Sub-section C is both the last addition and the longest of the new amendment. Defining the responsibilities of class officers, sub-section C consists of three points.

According to the amendment, class officers will sit on designated SGA committees, and have official individual, as well as shared, responsibility.

The legislation dictates individual responsibilities for class officers to take both in Senate meetings and outside.

Class presidents are responsible for filling vacancies in the class executive board through review board-approved appointments, reporting the status of their class and being a spokesperson as necessary, as well as sitting on both a “committee of their choice and the Presidents’ Committee when the SGA President calls upon them.”

The vice presidents will census the number of students in their respective class while making a conscious effort to listen to each student, fulfill the duties of class president should the presidential office be vacated, as well as sit on the Organizations Committee.

Treasurers represent their class when making discretionary requests, handle all class funds, and will sit on the Budget Committee.

Class secretaries serve as the communications liaison between their respective class and the Washington College community, take minutes at class officer executive meetings, run the class’ social media, and will sit on a committee of their choice.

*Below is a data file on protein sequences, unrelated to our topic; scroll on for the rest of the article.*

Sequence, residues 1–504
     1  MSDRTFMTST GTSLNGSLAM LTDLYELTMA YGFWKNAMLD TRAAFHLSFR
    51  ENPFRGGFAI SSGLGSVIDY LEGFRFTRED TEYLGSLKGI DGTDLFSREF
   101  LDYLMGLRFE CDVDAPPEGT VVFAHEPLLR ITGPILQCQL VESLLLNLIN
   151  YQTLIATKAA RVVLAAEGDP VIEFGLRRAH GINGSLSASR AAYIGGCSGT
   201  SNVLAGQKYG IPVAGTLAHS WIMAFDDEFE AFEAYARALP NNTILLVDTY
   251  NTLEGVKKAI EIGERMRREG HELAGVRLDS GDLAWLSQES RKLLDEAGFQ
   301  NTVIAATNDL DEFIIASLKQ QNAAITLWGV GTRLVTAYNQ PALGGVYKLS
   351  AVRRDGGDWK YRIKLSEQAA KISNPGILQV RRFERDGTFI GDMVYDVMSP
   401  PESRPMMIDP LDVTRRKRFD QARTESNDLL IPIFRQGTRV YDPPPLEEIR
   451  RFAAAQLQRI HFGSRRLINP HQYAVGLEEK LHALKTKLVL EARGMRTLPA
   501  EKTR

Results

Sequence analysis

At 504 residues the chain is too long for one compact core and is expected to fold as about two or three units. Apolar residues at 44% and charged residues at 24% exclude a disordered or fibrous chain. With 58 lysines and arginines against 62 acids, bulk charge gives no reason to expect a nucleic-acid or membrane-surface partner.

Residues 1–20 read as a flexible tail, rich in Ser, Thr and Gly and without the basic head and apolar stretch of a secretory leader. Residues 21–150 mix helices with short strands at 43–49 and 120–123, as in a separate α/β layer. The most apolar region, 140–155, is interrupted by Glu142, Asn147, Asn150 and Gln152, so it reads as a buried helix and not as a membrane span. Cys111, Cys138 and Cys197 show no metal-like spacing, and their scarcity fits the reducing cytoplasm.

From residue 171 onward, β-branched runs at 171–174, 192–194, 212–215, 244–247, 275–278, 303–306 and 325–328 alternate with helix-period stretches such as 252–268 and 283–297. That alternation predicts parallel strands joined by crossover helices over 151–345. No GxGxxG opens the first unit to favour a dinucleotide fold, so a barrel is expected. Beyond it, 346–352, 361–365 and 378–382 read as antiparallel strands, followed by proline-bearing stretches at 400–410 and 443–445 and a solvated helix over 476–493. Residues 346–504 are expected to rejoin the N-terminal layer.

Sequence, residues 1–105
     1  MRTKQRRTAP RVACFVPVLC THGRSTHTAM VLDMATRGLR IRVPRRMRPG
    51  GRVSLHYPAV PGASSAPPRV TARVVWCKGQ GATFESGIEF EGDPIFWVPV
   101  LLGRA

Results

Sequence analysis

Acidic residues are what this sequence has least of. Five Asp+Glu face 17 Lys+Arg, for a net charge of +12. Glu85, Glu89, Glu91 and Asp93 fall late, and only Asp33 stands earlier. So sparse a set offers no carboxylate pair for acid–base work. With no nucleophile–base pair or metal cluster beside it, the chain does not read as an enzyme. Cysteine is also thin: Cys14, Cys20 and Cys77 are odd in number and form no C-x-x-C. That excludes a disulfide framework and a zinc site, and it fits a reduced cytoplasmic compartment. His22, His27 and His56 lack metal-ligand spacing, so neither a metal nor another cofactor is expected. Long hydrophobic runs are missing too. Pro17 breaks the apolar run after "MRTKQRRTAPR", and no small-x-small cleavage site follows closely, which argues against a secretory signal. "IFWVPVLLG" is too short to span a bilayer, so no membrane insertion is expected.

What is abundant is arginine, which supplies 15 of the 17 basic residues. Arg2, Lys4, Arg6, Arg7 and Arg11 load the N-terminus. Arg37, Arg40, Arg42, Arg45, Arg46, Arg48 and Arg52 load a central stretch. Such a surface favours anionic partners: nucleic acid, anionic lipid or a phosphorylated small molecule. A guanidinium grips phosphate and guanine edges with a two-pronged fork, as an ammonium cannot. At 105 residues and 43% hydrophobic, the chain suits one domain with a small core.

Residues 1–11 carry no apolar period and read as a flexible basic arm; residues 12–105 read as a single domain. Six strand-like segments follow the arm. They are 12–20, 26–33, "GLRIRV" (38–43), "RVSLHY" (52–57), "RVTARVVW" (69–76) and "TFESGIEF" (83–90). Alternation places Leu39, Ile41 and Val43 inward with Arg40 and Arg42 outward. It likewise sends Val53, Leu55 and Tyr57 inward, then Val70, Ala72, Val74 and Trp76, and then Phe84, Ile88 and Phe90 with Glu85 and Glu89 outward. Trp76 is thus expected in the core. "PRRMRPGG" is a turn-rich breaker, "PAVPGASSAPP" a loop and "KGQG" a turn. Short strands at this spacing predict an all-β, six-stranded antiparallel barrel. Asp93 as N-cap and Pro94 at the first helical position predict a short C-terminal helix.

“When I became class officer,” Drummey said. “The only guidelines that were given to us were to be a senator and speak for your class. Frankly, I think having structure will allow me and the other class officers to actually hold events which contribute to the campus community.”

Their responsibilities continue as a team, with legislation saying that each class officer executive group should plan at least one event per semester with one such event having a service component.

Teams will host an “open house once a semester where students can voice their concerns and issues to their respective class officers,” according to the legislation.

Officers should then report said concerns to the appropriate SGA executive member, faculty or staff member, or the President of the College.

Additionally, they are expected to be the liaisons of class information and service “in the best interest of their class.”

“Having at least one event per semester and having the open house are the two new, main important things to me, because it is about giving them responsibility, giving them guidelines, giving them something meaningful about their jobs,” DeSantis said.

While the amendment was passed, there is a question of enforcement.

The legislation is a guideline that officers should follow, according to DeSantis, but it is the class which holds them accountable through the impeachment process.

“[These guidelines] set an expectation for myself and other officers and future class officers, meaning it is not just a resume builder,” Drummey said. “It is something that actually means something and will actually affect the campus.”